Rules regarding recption of Holy Communion

All of my sisters have left the Catholic church and have joined Protestant churches. We are going to have a Mass celebrated for my mothers 80th birthday and I asked everyone who was not a Catholic to basically abstain.

On sister has written here is what she said “I am not sure what requirements for communion you are referring to; I know for the past 25 years I have take holy communion administered by both priests and deacons in many settings, at the hospital with Jim, at the Dominican Retreat house and at mother’s home when Father Bob was visiting.”

My response to her may be something to the effect of, you have voluntarily excommunicated yourself from the Catholic Church and as such should not be receiving communion without authorization by the Bishop.

I think that I am right on this issue, but I do not know what the type of excommunication is that she is barred by.

I also thought that I would tell her I did not know the circumstances of her receiving Holy Communion when she did i.e. if she had given prior knowledge to the Eucharistic Minister/Deacon/ or Priest of her status as a protestant. I also do not know if there was a special allowance made by the Bishop for when she received at the Dominican Retreat House or through Father Bob.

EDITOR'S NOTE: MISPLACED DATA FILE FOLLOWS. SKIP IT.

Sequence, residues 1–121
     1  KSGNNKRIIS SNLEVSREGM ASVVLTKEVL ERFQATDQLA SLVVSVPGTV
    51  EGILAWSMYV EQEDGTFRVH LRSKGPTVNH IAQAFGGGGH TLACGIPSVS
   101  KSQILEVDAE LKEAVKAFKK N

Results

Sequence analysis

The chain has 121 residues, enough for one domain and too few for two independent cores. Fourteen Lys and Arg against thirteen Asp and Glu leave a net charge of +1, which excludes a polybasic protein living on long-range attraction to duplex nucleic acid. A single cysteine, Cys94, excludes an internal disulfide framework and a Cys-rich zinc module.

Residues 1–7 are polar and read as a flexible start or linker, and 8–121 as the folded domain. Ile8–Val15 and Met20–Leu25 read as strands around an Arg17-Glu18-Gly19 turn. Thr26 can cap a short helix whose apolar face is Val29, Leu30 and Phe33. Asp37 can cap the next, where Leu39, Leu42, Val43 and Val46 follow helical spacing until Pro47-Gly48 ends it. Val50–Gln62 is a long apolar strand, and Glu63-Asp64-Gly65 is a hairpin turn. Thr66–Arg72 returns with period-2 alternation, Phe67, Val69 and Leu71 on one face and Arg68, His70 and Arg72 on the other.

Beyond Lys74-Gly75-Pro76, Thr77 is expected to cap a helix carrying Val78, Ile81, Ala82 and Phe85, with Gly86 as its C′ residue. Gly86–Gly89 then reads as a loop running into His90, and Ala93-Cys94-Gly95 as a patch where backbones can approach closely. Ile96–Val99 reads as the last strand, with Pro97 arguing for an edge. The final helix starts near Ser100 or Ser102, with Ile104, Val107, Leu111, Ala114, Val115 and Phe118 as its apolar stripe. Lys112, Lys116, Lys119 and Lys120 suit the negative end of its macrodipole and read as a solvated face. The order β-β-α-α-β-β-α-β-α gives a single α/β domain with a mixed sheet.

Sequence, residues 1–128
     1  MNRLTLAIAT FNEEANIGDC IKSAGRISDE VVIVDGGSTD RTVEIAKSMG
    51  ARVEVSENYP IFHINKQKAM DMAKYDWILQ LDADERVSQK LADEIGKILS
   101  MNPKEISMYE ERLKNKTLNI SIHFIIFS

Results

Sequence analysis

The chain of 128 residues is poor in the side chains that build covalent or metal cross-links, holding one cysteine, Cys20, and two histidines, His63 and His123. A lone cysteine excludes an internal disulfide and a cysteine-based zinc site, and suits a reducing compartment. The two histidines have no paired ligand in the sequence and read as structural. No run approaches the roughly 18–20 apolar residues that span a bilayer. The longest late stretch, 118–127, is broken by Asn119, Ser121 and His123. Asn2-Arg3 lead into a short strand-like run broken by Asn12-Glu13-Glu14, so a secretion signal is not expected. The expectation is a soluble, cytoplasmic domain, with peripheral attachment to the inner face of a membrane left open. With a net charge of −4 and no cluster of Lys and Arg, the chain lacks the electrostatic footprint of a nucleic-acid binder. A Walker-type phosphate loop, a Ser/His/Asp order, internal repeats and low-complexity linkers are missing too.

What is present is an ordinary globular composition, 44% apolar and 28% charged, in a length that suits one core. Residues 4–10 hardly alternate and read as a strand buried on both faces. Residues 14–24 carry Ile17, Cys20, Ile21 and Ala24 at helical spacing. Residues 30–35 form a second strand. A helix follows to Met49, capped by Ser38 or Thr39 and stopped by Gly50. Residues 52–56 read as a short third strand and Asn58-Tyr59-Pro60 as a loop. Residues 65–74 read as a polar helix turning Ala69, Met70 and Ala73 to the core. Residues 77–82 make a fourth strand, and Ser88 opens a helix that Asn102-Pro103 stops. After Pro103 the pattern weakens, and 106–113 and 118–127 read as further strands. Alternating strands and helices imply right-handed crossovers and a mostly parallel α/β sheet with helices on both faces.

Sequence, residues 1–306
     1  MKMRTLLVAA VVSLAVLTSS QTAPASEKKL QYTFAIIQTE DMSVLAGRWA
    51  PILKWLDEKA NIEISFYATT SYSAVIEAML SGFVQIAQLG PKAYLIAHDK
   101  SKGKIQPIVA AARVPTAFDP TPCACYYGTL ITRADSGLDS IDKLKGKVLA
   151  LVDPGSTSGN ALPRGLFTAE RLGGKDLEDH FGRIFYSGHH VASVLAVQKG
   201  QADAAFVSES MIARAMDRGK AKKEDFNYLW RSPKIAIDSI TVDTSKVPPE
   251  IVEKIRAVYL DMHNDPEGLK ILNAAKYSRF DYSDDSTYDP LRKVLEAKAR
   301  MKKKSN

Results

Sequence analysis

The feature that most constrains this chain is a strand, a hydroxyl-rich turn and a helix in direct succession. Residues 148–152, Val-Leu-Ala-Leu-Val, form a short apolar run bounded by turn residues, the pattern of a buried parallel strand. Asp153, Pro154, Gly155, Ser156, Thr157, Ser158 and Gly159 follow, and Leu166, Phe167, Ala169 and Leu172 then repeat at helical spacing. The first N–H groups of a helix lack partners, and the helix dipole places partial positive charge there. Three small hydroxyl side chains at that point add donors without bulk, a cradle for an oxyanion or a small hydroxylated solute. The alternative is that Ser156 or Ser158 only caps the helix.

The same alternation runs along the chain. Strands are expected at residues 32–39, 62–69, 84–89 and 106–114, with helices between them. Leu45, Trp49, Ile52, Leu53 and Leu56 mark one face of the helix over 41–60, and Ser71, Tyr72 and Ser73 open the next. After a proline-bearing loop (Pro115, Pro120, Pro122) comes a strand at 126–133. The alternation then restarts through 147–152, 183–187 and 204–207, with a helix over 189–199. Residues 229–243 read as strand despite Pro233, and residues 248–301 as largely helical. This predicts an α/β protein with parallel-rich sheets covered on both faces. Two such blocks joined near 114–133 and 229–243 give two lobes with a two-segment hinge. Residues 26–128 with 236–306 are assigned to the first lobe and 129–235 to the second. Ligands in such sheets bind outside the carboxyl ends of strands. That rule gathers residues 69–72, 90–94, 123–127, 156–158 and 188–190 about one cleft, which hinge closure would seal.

Any help you can give will help.

There are rules, of course, but it sounds like your sister makes up her own rules as she goes along.

One explanation I heard that makes sense to me without saying “you CAN’T receive communion” is that in the Eucharistic prayer we pray with “Benedict our pope and N our bishop.” When you receive communion you are saying you believe what we’ve just prayed, including that these people are your leaders. The church wouldn’t ask you to proclaim something you don’t believe, so she doesn’t invite people to receive communion if they don’t share these beliefs.

You may want to see catholic.com/library/Who_Can_Receive_Communion.asp .

If she is not a Practicing Catholic in good standing with the Church and in Sanctifying Grace, without any unconfessed Mortal sins (only she would know this.) Then she should not approach Holy Communion. I would not use the term “Excommunicated” because technically she would not have been would be my guess.

I wouldn’t use the term excommunicated in this situation regardless of whether or not it was true, simply because I think it’s too harsh for the situation in quesiton.

I have my druthers about family members giving such instructions to lapsed family members in the first place.